Photos by Hui-chen & MJ Klein
Part of the 2010 USA Trip Series
UPDATE: Hui-chen reminded me that I forgot to include a photo taken on the way into Salem. It’s now at the very end of this article.
Hui-chen wanted to see more of Salem, as it certainly is a beautiful and remarkably clean city. I used to live in Lynn, just to the south, and certainly I’d been to Salem many times, but I had never explored it in any detail. This photo essay is not intended to be a review of the city of Salem, but rather an account of some of the things we saw and did. As usual you can go here to learn more about Salem. We have about 50 photos to show you in this account, and if you’d like to view them at our Flickr.com account, you may find them here.
All the photos are geotagged, with geographical information embedded in the file. To view the GPS data of any photograph, click it to go to the Flickr.com photo page. Then click “Actions” and then click “View Exif info.” Scroll to the bottom to view the GPS coordinates and description.
We took one of these sight-seeing trolley tours. The tour was extremely informative, with much more information than we ever could remember, unfortunately! We recommend one of these tours because you get to see the best of the city with a knowledgeable guide.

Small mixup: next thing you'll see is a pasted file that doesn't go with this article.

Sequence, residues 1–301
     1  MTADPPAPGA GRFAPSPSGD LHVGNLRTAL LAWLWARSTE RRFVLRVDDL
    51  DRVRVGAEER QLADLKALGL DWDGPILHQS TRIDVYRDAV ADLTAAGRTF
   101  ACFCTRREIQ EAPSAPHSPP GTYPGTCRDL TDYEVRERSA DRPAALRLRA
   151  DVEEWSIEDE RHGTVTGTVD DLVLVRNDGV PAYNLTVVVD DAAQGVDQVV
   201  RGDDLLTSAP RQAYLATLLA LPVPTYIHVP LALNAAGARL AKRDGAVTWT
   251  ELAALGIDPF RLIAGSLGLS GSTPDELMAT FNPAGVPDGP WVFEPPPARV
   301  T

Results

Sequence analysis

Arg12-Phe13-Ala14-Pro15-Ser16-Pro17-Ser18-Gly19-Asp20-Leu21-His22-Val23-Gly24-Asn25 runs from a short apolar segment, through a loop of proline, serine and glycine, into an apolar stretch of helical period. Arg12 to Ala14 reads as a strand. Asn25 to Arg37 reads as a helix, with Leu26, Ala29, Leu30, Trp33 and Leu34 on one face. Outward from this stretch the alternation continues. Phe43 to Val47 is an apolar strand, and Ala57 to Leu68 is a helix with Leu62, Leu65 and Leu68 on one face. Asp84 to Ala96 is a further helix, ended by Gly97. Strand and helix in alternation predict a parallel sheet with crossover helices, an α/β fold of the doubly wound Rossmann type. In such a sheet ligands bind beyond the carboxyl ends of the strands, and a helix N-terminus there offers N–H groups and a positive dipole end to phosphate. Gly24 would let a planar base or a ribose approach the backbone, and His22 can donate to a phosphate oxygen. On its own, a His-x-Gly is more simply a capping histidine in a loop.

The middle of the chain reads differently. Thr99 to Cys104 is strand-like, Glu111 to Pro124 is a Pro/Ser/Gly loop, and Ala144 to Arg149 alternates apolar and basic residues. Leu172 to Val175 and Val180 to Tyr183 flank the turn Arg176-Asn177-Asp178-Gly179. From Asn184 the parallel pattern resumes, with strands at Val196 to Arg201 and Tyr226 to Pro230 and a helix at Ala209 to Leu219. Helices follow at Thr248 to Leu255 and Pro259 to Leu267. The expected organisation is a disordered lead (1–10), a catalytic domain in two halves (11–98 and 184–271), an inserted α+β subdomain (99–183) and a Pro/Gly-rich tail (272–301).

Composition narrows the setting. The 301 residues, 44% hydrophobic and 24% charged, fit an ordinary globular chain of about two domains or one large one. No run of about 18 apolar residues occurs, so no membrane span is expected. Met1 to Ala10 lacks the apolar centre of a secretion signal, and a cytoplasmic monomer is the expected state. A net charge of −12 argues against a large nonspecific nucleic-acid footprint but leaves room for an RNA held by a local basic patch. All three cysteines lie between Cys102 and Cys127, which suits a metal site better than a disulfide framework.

We started off in this square, called Museum Place.
Salem is a very old city and lots of international trade was conducted right here on this street.
There are many very fine old buildings in Salem and you’re going to see quite a few of them in this photo essay.
The city has done a good job of preserving the fascia of these old buildings, while the insides are all modernized.
Notice how clean everything is. This was very impressive to 2 people from Taiwan!
Salem is famous of course, for the Salem Witch Trials. Even though the events took place between 1692 and 1693, they have had a profound influence on the modern-day city of Salem. There are many museums and re-enactments that take place in Salem.
Here we see a re-enactment in progress. It’s not unusual to see someone walking around in period-era dress in Salem.
This is not* the Peabody Essex Museum. This is apparently a very old church.
*Correction by our friend and reader Mike01905.
We took a drive down famous Chestnut Street* (where our article is geotagged).
*Some of these houses may actually be on Essex St, which runs parallel to Chestnut.
These houses were built by rich sea captains and merchants. The street was specified to be 80 feet wide (24 meters), so it would be a grand thoroughfare.
The original houses are still standing, and they look fantastic.
This house just sold. You do not want to know for how much!
This is Hamilton Hall, a very famous meeting hall.
It’s a beautiful building – a must-see when you visit Salem.
Even outside of Chestnut Street, you will see some outstanding examples of colonial architecture.
The trolley passed Museum Place again, on it’s way to another part of the city.
A vintage photography store.
Inside, you may find maps and brochures about local attractions, as well as a gift shop.
This is Salem’s “Downtown District.”
As I said, Salem is an old city. This is one of the cemeteries.